The basis of this research essay will focus on how finances function in the National Football League. In doing this I will pull examples from the Cleveland Browns, and other organizations. In 2020 alone the NFL made around $12.2 billion, which NFL Commissioner Roger Goodell expects to increase to be upward of $27 billion by the 2027 season (Eckstein). This essay will break down the way in which this money is used in the NFL, as well as how it is distributed amongst the league.
Fans are able to watch their favorite team compete through Television deals, different streaming apps, and local networks. The NFL has secured contracts with ESPN, Amazon , CBS and more. An example of how media deals are structured are with negotiation between the NFL and media coverage is with CBS.
Big parts of stadium operations include concessions, security, landscaping, cleaning and maintenance, security, the type of stadium itself, and so much more. The operations may be different based on the type of stadium you play at and rather its grass or artificial turf. A dome stadium is favorable to some as it is an indoor facility, so the weather will not always be a factor in games. Oftentimes teams that play in stadiums are more successful than teams without one because of the weather, as they have more fan support which also leads to an increase of a lot more money made (Rodney J. Paul et al. p.5). My personal favorite stadium is the traditional outdoor stadium that most teams play. These stadiums are open to weather and wind, most if not all highschool stadiums are open. The one other type of stadium is the hybrid stadium which is really a dome stadium that includes a roof that retracts open and closed depending on the conditions.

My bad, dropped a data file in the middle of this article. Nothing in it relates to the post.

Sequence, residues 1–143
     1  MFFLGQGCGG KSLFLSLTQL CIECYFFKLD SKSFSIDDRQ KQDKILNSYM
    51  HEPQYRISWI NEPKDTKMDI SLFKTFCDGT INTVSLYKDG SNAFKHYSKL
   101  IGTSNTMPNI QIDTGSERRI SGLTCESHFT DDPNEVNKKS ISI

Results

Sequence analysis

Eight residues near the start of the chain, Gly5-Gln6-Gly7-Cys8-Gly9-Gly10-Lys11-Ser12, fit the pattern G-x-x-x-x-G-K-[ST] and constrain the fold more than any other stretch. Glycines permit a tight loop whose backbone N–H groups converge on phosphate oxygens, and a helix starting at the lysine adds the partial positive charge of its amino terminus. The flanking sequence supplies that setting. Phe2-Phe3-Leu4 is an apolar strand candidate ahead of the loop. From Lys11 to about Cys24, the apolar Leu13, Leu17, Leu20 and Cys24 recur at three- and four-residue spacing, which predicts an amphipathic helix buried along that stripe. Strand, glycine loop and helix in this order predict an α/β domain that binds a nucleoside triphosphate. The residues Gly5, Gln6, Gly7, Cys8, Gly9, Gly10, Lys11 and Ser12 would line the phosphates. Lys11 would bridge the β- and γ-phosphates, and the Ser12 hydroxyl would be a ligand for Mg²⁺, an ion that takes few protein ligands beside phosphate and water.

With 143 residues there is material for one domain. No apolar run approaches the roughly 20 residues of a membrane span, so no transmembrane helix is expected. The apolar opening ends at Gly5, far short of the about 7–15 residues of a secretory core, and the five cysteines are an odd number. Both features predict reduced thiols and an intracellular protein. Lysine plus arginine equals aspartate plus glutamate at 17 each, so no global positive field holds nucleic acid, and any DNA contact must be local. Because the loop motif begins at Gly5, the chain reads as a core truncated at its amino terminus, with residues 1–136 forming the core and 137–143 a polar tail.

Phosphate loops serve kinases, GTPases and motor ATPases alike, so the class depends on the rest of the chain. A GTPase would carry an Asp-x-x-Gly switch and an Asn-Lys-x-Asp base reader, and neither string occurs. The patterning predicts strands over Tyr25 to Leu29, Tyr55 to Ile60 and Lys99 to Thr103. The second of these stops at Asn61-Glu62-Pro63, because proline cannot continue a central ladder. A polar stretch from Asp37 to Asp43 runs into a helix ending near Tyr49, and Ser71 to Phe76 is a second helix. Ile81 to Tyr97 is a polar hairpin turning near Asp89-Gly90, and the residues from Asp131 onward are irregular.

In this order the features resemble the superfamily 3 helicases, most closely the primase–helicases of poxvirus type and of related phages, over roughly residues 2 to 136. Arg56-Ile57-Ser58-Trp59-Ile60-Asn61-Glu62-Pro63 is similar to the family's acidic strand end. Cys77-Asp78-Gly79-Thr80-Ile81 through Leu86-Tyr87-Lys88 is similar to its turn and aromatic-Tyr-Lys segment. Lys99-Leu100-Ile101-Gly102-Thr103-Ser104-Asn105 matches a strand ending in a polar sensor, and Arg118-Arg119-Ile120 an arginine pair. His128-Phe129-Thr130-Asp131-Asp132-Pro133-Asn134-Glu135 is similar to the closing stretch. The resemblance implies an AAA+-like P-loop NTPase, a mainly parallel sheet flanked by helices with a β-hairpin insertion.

Throughout sporting events fans always want to eat as it takes hours long for a game to conclude with commercial breaks and so forth, even though there are only 4 quarters with 15 minutes of time each. Like a mall or any other business that resells the products of another company, the NFL uses vendors to sell food. Like any other team in the National Football League The Cleveland Browns raise a higher price than what a restaurant would normally sell food for to create a large profit.
This essay will serve to help fans, and athletes alike understand and be informed on the aspects of finances in football. Athletes trying to go to the next level have to learn how to be financially responsible and careful when they are in the process of contract negotiations, not just from different teams, but from bad agents as well. Players will then be able to go to front office meetings with some understanding on how to use this financial literacy, and communication, to use their skills, personality, and what they can give to an organization as a way to bargain for what they believe they deserve.